Andy Pettitte's Groin Injury: Will New York Yankees Pursue Roy Oswalt?

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Andy Pettitte's Groin Injury: Will New York Yankees Pursue Roy Oswalt?
Stephen Dunn/Getty Images

Yankees ace Andy Pettitte left today’s game in the third inning with a Grade One left groin strain, and it has already been announced that he is expected to miss four or five weeks.  Coupled with A.J. Burnett’s recent two-handed assault on a locker room door that left Burnett bloodied and his ego bruised, the Yankees will likely conclude they have to find another starter to make up for their recent failure to land top-prize Cliff Lee.

Will the Yankees decide that Roy Oswalt is their man?  I have heard very few rumors indicating the Yankees are interested in Oswalt, but there are certainly reasons to think he might be a good fit for the Bombers.

First, despite a crummy 6-11 record, Oswalt can still pitch.  His present 3.12 ERA is his lowest since 2006 and his rate of 8.5 Ks per nine innings is his highest since his rookie season of 2001.

Oswalt left today’s game after four innings with an ankle contusion after being struck by a sharply hit grounder off the bat of the Pirates’ Pedro Alvarez, but Oswalt isn’t expected to miss his next start.

Everyone has long been aware that the Astros have Oswalt on the auction block.  The big sticking point is that Oswalt still has approximately $25 million in future salary coming to him through the 2011, since Oswalt has a no-trade clause and the expectation is that Oswalt will require his $16 million 2011 option by picked up in exchange for waiving the no-trade clause.

That’s a lot of money, but, of course, the Yankees have more money than anyone for just these types of situations.  The Yankees also have loads of prospects to trade, and probably won’t have to give up the best of them if they taken on a relatively higher percentage of Oswalt’s remaining contract obligations.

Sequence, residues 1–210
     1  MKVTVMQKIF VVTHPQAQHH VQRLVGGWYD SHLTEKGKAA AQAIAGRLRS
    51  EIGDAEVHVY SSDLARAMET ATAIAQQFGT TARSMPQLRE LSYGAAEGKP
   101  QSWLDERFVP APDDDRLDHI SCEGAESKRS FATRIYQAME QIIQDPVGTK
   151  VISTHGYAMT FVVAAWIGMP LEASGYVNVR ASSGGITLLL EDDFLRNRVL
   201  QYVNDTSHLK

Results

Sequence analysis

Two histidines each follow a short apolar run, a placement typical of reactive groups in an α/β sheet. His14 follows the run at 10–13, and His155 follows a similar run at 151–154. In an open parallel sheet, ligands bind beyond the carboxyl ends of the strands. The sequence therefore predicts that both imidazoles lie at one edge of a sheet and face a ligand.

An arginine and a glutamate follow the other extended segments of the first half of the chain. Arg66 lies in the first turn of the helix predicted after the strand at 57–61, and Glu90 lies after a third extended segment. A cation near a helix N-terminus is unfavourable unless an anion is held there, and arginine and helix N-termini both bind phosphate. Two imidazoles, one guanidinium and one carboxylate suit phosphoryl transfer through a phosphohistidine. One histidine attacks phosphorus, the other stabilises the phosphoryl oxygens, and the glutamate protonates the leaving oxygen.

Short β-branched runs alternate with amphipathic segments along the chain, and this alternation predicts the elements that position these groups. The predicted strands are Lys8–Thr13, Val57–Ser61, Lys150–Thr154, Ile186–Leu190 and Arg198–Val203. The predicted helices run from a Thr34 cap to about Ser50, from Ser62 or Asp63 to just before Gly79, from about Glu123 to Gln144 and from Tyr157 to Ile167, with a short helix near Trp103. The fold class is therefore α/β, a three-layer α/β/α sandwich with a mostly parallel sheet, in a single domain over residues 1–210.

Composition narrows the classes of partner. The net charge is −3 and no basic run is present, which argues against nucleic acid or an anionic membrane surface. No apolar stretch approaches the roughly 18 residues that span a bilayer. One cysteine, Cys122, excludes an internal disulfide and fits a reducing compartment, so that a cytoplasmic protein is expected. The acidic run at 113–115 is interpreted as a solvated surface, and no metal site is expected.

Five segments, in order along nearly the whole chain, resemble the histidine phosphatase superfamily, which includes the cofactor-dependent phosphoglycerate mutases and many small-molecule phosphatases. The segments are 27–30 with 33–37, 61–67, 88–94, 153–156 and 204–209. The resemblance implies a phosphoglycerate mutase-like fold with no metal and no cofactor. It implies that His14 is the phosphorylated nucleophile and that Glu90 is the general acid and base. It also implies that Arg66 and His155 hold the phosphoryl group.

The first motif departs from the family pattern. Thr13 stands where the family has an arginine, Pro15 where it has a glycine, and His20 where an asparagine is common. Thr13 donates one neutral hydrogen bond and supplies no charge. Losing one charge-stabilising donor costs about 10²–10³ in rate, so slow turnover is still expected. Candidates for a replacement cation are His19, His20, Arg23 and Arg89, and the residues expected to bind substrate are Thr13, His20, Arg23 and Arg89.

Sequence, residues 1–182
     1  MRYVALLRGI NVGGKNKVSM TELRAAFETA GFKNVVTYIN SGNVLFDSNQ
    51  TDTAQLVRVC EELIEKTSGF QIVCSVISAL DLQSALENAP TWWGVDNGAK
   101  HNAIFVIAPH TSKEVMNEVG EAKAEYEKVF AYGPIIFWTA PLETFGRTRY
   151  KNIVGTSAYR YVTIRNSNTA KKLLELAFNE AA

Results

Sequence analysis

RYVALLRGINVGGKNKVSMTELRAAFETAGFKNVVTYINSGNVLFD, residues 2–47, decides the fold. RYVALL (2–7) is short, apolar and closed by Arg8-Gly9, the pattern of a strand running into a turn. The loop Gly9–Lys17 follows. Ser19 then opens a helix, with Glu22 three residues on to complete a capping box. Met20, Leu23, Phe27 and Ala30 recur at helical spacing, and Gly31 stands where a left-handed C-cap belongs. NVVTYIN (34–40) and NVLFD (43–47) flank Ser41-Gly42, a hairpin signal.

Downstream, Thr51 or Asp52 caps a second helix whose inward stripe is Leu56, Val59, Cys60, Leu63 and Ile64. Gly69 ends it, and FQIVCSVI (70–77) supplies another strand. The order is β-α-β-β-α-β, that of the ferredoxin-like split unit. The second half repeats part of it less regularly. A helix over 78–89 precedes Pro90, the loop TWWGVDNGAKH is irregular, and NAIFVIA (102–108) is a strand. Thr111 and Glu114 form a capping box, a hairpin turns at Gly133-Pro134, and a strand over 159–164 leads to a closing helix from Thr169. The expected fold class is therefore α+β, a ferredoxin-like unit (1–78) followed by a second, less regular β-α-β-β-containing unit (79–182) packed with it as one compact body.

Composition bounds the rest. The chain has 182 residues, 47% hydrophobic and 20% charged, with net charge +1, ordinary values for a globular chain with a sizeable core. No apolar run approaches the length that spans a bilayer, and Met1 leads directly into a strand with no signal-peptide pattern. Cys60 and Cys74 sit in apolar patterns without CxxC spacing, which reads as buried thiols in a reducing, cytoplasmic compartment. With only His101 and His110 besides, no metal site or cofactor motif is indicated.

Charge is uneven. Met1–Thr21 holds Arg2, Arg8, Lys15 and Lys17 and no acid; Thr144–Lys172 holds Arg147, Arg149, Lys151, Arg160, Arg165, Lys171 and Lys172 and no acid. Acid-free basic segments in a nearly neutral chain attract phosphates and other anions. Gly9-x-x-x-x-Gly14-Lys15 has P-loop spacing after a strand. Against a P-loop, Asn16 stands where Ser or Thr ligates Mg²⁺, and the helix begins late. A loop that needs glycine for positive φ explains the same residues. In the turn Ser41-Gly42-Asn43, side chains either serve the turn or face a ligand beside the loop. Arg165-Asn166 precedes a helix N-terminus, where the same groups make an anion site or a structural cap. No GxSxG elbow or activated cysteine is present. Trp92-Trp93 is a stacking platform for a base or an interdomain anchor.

The Yankees may be concerned how Oswalt would make the transition to the American League, as Javier Vasquez has underwhelmed in his second stint with the Yankees after a fine 2009 campaign in Atlanta.  However, I think Oswalt’s lack of experience in the AL is actually an advantage.

Unlike, Vasquez, who pitched four of the last six seasons in the AL before this one, Oswalt has never pitched for anyone but the Astros.  In other words, American League hitters have seen precious little of Oswalt.  A lack of familiarity usually favors the pitcher.

Here’s mlbtraderumors.com’s list of starting pitchers in play as the trade deadline approaches.  Dan Haren is probably the only pitcher on the list who ranks with Oswalt as far as the second half of this season is concerned.

The Yankees have several in-house options in a trio of 23-year-old minor leaguers, all of whom look pretty good.  They are Ivan Novoa, David Phelps, and Hector Noesi.

Novoa is 7-2 with a 3.21 ERA at AAA Scranton/Wilkes-Barre, and he looked pretty good in a two-game cup of coffee he received with the Yankees in mid-May.

David Phelps has a 7-1 record with a 2.04 ERA after 14 starts at AA Trenton and three starts at AAA SWB.  Phelps’s ratios are terrific.

Noesi has a fantastic 1.74 ERA after ten starts at Trenton since being promoted from A+ Tampa, where he started the 2010 season.

However, it’s hard to see the Yankees throwing a completely untested rookie into a starting slot in the middle of a pennant race.

The Yankees will almost certainly trade for somebody now that they know they’ll be without Pettitte for at least a month.  The question is who the lucky pitcher will be.

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